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Retailers Fight for Tax Law Fixes That Would Make Store Remodeling More Affordable

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The National Retail Federation is fighting for legislation that would help retailers remodel their stores without facing the heavy post-upgrade taxes that can keep them from doing so.

NRF called on the House of Representatives to pass two pending bills: H.R. 765, the Restaurant and Retail Jobs and Growth Act and H.R. 2510, which permits “bonus depreciation.”

The Restaurant and Retail bill would permanently allow retailers to write off remodeling costs and other store improvements over 15 years instead of the 39-year period standard for buildings.

The bonus depreciation bill would put a permanent provision in place that says retailers that make capital investments, including leasehold improvements, can deduct half of the upgrade costs right away and depreciate the balance over a period. The provision would also extend beyond just leased stores to include owned stores too.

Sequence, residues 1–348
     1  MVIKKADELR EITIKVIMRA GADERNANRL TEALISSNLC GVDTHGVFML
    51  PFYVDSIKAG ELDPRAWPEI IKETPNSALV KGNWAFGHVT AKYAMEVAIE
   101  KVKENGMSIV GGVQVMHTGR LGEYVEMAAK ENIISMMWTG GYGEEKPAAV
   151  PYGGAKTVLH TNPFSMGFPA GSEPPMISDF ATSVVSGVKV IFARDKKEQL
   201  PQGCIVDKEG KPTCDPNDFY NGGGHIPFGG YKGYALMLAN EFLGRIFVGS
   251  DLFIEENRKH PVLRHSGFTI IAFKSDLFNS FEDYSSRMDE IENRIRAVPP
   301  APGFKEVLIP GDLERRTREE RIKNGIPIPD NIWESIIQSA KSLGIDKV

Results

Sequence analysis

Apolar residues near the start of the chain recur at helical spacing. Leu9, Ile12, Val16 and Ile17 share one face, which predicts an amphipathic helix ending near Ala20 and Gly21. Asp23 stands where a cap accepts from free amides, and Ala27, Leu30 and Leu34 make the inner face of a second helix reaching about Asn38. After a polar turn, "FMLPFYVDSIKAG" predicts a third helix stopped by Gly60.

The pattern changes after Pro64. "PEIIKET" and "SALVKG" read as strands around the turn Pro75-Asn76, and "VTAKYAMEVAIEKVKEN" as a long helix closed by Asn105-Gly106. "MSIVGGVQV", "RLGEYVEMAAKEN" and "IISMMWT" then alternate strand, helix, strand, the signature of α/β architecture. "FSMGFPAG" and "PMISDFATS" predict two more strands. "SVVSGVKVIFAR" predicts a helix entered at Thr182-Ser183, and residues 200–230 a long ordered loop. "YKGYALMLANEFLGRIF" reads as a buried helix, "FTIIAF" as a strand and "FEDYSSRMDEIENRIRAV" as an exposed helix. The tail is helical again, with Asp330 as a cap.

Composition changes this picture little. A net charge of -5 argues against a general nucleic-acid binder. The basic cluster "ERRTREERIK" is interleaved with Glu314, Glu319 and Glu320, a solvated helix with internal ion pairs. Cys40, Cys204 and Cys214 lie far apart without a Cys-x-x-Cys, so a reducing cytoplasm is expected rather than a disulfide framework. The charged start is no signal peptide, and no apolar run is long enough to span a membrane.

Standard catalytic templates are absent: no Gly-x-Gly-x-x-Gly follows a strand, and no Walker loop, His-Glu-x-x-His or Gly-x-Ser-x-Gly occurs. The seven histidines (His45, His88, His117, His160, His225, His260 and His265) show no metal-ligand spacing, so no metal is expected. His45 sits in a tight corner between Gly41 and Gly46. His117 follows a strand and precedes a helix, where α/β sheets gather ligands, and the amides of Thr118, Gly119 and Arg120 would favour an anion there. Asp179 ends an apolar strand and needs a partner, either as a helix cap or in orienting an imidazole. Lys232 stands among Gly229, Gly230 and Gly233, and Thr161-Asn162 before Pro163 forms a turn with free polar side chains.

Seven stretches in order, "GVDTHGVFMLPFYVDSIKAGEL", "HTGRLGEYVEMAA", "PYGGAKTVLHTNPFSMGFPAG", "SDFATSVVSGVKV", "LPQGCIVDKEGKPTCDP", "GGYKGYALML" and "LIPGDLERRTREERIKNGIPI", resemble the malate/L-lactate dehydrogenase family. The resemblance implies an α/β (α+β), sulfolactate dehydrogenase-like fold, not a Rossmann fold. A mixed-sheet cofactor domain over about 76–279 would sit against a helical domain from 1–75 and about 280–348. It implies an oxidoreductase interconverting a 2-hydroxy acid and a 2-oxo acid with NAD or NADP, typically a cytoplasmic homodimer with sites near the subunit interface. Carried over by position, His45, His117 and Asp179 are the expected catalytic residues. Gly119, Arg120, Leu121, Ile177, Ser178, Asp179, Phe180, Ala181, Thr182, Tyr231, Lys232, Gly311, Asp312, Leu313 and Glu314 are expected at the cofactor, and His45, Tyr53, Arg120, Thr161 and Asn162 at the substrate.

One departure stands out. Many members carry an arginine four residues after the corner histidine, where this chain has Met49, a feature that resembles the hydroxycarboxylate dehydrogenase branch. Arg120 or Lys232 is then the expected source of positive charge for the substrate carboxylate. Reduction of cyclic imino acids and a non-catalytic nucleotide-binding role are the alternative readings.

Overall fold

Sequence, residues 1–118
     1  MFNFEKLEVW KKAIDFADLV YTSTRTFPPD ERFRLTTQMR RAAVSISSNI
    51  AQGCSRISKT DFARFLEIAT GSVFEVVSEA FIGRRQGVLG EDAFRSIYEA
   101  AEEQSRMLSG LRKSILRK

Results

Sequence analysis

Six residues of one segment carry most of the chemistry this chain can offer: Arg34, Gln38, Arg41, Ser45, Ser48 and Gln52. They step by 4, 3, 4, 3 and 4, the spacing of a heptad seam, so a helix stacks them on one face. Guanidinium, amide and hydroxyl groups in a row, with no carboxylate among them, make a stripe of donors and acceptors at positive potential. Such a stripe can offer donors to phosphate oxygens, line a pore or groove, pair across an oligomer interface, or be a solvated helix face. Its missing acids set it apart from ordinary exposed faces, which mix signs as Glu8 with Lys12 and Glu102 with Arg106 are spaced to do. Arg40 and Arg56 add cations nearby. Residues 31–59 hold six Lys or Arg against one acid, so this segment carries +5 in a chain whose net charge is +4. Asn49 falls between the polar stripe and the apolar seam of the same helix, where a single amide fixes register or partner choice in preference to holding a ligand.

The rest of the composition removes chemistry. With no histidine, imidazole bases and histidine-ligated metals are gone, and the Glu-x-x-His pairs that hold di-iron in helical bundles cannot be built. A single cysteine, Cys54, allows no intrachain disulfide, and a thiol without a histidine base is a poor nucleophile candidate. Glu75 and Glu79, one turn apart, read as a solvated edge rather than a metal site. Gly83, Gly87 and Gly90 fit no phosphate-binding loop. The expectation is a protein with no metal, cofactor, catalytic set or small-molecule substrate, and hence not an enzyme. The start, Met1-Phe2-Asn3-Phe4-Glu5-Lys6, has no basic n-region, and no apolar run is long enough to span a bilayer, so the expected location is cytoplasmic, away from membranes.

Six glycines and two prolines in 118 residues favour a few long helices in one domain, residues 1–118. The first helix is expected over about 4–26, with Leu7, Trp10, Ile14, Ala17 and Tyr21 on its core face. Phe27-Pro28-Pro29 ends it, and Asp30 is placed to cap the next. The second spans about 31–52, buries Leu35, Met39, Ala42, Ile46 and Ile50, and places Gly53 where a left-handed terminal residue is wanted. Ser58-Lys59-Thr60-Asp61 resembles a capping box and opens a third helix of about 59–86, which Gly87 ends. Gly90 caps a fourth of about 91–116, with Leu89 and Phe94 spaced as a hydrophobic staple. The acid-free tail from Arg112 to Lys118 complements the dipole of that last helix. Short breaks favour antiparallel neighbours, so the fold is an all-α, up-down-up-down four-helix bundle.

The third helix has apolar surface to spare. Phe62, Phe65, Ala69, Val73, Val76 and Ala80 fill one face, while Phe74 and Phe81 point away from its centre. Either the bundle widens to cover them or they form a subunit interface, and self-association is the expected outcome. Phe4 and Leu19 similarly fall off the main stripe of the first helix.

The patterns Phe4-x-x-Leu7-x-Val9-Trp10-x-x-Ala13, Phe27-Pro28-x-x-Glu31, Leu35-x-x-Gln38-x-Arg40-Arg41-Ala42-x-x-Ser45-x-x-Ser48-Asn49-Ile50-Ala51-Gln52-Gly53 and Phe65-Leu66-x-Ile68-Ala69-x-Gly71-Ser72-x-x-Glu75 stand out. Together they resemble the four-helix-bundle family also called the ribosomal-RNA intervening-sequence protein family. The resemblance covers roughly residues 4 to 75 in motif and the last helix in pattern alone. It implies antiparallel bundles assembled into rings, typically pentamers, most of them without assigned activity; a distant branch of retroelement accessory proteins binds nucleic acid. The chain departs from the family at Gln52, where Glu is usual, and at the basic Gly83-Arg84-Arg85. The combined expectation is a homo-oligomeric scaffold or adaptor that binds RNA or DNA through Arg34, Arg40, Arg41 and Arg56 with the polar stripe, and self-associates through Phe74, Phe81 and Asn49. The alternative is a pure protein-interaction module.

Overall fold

If the new provisions become a permanent part of tax law, according to NRF, retailers would get a greater portion of tax benefits for businesses up front. For example, if a retailer spent $500,000 to expand its showroom, the current depreciation law would only allow the business to deduct $13,000 of the costs in the first year, with the depreciation spread over 39 years.

Together, the new bills would let that retailer deduct $250,000 from its taxes the first year and spread the remaining $250,000 over the next 14 years, making more money available for additional investment earlier on.

Both bills had been in place on a temporary basis—needing year-by-year renewal, but they expired in 2014.

The bills would not only reduce the taxes on much-needed store improvements, they would allow retailers to plan ahead as long-term planning has so far been challenging with the tax status up in the air every year.

“Retailers must update their stores every five to seven years to maintain customer interest,” NRF senior vice president of government relations David French wrote in a letter to the House. “Even when Congress extends the 15 year life for these improvements, the high after-tax cost of making these investments often delays much needed updates because retailers operate on very slim profit margins. Bonus depreciation provides a very important incentive for making these investments on the more rapid timetable that addresses competition in the marketplace, which helps boost economic growth.”

 

The House Ways and Means Committee approved the bills this week and they will now go before the full House for consideration.

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